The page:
Know where your money is going.

Ask your lender plenty of questions. A good lender can answer all your questions and make you feel comfortable about your spending decisions. Buying a house is one of the most expensive things you will buy. Why spend more than you have to?

Talk to a lender to explore your options. Lenders at RCB Bank are happy to help answer questions even if you are not a customer. Give us a call or visit our online Mortgage Center.

Invest in yourself. RCBbank.com/GetFit

Opinions expressed above are the personal opinions of Alex Penny and meant for generic illustration purposes only. For specific questions regarding your personal lending needs, please call RCB Bank at 855-BANK-RCB, RCB Bank is an Equal Housing Lender and member FDIC. RCB Bank NMLS #798151. Alex Penny NMLS #1535836.
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Financing options for new home construction

Get$Fit Tip: Plan short-term and long-term financing before you build.

home under constrcution

When it comes to financing the construction of a new home, you have two options.

1. Let a builder finance construction.

Common with larger building companies. The builder may ask you to put down a deposit while the company carries the cost of the construction. You get to choose floor plans, paint colors, fixtures and so on.

When construction is complete, you will obtain a typical mortgage, as if you purchased an existing home. Construction costs are built into the purchase price.

2. You finance construction.

Typical with smaller building companies or individual builders. You may choose to the carry the construction loan yourself. This type of financing is usually offered only at your local or regional banks and credit unions.

Your lender will determine the value of your home during your loan application by ordering an appraisal on the building and design specs.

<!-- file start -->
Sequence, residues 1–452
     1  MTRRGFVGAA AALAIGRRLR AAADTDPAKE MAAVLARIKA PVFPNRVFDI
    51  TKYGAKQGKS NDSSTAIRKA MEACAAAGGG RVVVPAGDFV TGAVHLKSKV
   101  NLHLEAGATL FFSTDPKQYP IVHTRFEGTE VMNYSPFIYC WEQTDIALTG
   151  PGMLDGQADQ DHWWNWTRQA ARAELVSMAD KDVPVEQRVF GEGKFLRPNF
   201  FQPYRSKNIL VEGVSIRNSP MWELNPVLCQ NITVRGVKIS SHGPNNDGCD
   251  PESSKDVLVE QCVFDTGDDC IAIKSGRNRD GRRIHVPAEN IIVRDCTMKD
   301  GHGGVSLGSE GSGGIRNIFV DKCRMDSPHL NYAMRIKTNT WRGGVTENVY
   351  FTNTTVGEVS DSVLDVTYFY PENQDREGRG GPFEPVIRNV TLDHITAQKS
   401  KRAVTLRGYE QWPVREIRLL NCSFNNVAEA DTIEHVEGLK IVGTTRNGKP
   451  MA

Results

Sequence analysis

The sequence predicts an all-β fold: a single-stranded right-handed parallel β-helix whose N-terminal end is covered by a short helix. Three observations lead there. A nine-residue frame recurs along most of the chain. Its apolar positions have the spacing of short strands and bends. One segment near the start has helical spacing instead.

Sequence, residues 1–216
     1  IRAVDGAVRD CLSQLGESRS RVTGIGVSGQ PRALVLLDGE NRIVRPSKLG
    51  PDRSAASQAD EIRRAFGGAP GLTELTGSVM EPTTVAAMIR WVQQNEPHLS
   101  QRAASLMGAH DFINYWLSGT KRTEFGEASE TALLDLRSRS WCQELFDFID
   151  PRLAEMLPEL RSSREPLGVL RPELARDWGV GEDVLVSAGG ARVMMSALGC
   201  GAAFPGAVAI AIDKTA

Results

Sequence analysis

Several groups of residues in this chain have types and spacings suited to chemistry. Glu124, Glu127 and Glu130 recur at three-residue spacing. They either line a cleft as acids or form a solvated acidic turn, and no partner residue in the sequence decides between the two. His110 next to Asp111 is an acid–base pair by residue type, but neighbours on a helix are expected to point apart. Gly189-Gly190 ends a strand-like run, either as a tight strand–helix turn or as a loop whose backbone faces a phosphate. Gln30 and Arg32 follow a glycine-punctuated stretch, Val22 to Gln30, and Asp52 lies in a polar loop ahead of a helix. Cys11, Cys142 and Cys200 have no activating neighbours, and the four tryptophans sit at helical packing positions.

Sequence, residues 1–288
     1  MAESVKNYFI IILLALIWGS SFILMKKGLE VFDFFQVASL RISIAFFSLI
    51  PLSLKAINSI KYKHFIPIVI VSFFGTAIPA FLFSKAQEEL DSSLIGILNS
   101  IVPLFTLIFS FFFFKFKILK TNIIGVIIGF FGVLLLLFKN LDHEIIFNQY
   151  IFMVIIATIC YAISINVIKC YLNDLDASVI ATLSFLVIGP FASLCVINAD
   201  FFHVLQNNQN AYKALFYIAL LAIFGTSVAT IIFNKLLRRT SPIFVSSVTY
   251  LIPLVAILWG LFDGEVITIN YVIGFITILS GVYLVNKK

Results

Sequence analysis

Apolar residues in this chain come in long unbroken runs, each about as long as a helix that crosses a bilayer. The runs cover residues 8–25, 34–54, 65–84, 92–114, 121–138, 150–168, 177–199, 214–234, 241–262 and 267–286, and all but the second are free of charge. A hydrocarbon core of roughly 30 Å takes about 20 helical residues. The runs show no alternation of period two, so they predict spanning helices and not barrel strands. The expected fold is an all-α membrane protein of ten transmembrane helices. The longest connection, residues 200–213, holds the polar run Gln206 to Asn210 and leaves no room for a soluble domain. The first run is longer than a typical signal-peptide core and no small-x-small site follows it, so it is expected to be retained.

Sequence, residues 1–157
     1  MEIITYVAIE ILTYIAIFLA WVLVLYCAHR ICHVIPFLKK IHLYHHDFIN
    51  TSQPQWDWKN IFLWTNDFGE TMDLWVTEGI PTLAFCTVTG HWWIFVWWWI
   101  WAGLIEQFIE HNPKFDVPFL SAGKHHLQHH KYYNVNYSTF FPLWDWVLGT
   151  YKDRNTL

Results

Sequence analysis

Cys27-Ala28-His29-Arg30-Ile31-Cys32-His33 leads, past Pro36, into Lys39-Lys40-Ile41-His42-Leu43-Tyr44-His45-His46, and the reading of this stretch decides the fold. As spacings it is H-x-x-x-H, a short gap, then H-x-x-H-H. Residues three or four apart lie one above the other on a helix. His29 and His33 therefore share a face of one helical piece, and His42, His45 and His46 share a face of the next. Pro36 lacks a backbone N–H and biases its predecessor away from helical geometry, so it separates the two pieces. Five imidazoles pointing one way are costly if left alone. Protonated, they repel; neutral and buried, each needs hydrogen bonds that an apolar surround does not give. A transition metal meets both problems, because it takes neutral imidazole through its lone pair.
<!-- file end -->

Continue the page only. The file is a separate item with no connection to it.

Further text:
Construction loans are short-term loans, generally 12-18 months. Costs vary by lender, so do your homework.

The majority of lenders will finance up to 80 percent of the property’s value.

Once approved, your loan is a closed line of credit. You can withdraw from the account as certain construction stages are completed. For example, after you acquire the land, you will need to pay for dirt work, then the foundation, the framework and so on.

Your lender will likely prepare a payment plan – a draw schedule – to guide the disbursement of funds through each stage. Periodically, the bank will send someone to check on the progress and verify draw schedule and budget.

Plan before you build.

Cost overruns

There will always be cost overruns or change orders. You may decide to add a larger patio or extra lighting. These items seem small individually, but they add up quickly. When planning your budget, conservatively allow for a 10 percent overage.

Variable monthly payments

Construction loans are short-term loans with adjustable interest rates. Think of it like a credit card payment. You pay the interest each month on the amount you borrowed. Prepare for payment fluctuation.

Permanent financing

Make sure you are qualified for permanent financing before taking out a construction loan. Some lenders may do construction loans but not permanent mortgages. Others do both.

Get pre-qualified for your permanent mortgage before you build.

Make certain you are pre-qualified for long-term financing before you build to avoid a potential financing nightmare when your new home construction is complete.

Talk to a lender to explore your options. Lenders at RCB Bank are happy to help answer questions even if you are not a customer. Give us a call or visit our online Mortgage Center.

Invest in yourself. RCBbank.com/GetFit

Opinions expressed above are the personal opinions of Alex Penny and meant for generic illustration purposes only. For specific questions regarding your personal lending needs, please call RCB Bank at 855-BANK-RCB, RCB Bank is an Equal Housing Lender and member FDIC. RCB Bank NMLS #798151. Kenneth Wohl NMLS #453934.
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Rural Development Home Loan Advantage